California Waterfowl is accredited by an independent program of the Land Trust Alliance. The accreditation seal is a mark of distinction in land conservation. It is awarded to land trusts meeting the highest national standards for excellence and conservation permanence.
CWA's waterfowl and wetland programs strive for abundant habitat and thriving waterfowl populations in the state, both local and wintering.
We leverage member contributions to obtain major public and private grants that enable us to do thousands of acres of habitat work every year. We leverage the passion of our members to run programs that make a real difference to California's breeding populations of wood ducks and mallards.
And our dedicated staff works up and down the state to band California's iconic pintail and mallards. This contributes to research that supports our science-based system of hunting seasons lengths and bag limits — the very thing that ensures hunting remains sustainable and never threatens the health of waterfowl populations.
CWA spends millions of dollars on wetland improvements projects on thousands of acres in California every year. Our projects reach across the state, from the Klamath Basin in the northeast to the Imperial Valley near the Mexican border.
Our project managers work hard and work smart to improve the capacity of California's remaining wetlands. Meanwhile, our advocacy team advocates for adequate water supplies and habitat-friendly legislation.
One hundred years ago, wood ducks were on the brink of extinction. They rebounded, but the riparian habitat they require for breeding didn't, so they needed help.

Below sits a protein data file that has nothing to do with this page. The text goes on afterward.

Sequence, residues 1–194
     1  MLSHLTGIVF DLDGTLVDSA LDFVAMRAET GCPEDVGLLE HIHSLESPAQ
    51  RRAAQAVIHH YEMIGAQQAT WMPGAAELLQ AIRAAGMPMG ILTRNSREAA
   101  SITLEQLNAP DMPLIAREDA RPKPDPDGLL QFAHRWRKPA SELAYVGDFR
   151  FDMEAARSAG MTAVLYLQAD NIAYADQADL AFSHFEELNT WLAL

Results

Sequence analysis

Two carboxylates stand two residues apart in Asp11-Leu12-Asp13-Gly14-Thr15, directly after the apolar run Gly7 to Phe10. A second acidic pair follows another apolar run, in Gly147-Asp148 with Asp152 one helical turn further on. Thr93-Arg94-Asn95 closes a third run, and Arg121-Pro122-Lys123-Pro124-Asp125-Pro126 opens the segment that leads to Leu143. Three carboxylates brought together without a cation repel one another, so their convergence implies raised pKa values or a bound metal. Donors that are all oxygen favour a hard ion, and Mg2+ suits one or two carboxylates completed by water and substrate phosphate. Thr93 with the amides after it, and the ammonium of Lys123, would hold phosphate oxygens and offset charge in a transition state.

CWA began coordinating a state-wide citizen science project, deploying wood duck nest boxes across the landscape and volunteers who monitored how ducks used them. More than 916,000 wood duck ducklings have leapt from CWA nest boxes.
The program also includes education opportunities, with fields trips where children are offered an array of hands-on, engaging activities geared towards wood ducks.
Wild mallard nesting habitat - dry fields with good grass cover near water - is in short supply, so ducks in California often nest in farm fields. Sometimes it goes well; other times broods don't hatch before farmers need to harvest, mow or disc.
The Egg Salvage Program deploys volunteers to collect eggs, which are then incubated. Ducklings are raised to five weeks, then released into the wild. Some get banded by youth during educational events.
The program bands and releases thousands of ducks every year, creating from nothing a sizable addition to the wild duck population.
DELAYED WHEAT HARVEST INCENTIVE PROGRAM
Begun in 2020, this program provides incentives to farmers who delay wheat harvest until July 1-15 to give mallard nests in their fields time to hatch naturally. The benefits of this program are that 1) the ducklings are raised by their mothers, which is ideal, and 2) it is not labor-intensive because the whole focus is on letting nature take its course.
Incentive payments of $30 to $40 per acre help offset risks posed by the delay, including crop degradation and fire risk.
The program has proved to be extremely popular with farmers, and we are seeking grant funding to make it sustainable going forward. In the meantime, it has been supported by CWA's generous donors.
California Waterfowl, with partial funding from the California Department of Fish and Wildlife, bands thousands of ducks every year to provide California-specific data used to assess waterfowl populations.
We focus primarily on mallards and pintail, the latter being the most numerous duck in our state each winter.
Our banding efforts help biologists understand waterfowl populations, movements and health, while providing a tool for wildlife agencies to set science-based bag limits and season lengths.
Boots on the ground will never be enough to support waterfowl and wetlands if California doesn't have a legal and regulatory environment that's friendly to waterfowl and wetlands.
So our advocacy team works year-round with local, state and federal governments, as well as regulatory agencies, to promote policy that helps wetland managers and farmers do what's best for wildlife.